Star Tracks: Monday, May 16, 2016 42 years, 2,191 covers and 55,436 stories from PEOPLE magazine's history for you to enjoy
- Young Girl Breaks Down in Tears While Scolding Charlotte City Council in Aftermath of Protests
- Read the Cover Story: Brad & Angelina Split After 12 Years: It's Over
- How Will and Kate Are Spending a Kid-Free Night in Yukon During Their Canadian Tour
- Married at First Sight's Tom Wilson on Why He Was 'Crushed' By His Wife Lilly Vilchez
- Dancing with the Stars Explains Why Head Judge Len Goodman Will Miss a Few Weeks – and Sends Its Second Contestant Home
People Top 5
LAST UPDATE: Tuesday February 10, 2015 01:10PM EST
PEOPLE Top 5 are the most-viewed stories on the site over the past three days, updated every 60 minutes
- September 29, 1986
- Vol. 26
- No. 13
For this week's story on the tragedy that has befallen the Zumwalt family (page 77), Maria didn't travel nearly as far, but the impact was just as great. "Life is full of cruel and chilling ironies," she says of the story. "Bad things happen to the best of people, and the Zumwalts are the best—people of great courage, love and empathy."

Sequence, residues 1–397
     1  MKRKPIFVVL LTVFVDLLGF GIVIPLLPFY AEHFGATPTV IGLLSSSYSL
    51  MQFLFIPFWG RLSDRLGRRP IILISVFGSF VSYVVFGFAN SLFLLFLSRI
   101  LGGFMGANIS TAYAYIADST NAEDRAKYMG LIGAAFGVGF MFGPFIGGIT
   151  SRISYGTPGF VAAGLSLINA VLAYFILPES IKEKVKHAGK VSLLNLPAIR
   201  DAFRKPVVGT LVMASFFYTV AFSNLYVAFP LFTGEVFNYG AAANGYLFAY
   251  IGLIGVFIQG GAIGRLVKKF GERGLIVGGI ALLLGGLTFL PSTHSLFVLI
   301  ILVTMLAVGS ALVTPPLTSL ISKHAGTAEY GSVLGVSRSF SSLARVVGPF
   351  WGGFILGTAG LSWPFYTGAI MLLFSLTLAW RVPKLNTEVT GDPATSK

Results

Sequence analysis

Maria was born in San Francisco; her father is a restaurateur, and her mother a former art history professor. Her uncle is Joseph L. Alioto, who was a two-term mayor of the city, and as a result, she says, "politics was always important to our family." She graduated Phi Beta Kappa in philosophy from Berkeley and is currently a master's candidate at Georgetown.
A former Vista volunteer and radio producer, Wilhelm joined TIME'S San Francisco bureau in 1980 as an intern and stringer, but was quickly recruited by PEOPLE to cover such stories as the so-called wonder drug DMSO and Mothers Against Drunk Driving founder Candy Lightner. "I learned to report on the job," says Maria, who once covered former Interior Secretary James Watt at the annual one-shot antelope hunt in his native Wyoming. "Competitors were allowed a few warm-up shots at a metal antelope," says Wilhelm. "Watt missed his shot, then turned to the crowd of reporters and singled out the only woman—me." Wilhelm, who credits "mostly luck," hit the target three times in a row. Though always a conscientious reporter, on this occasion Wilhelm modestly left Watt's reaction unrecorded.
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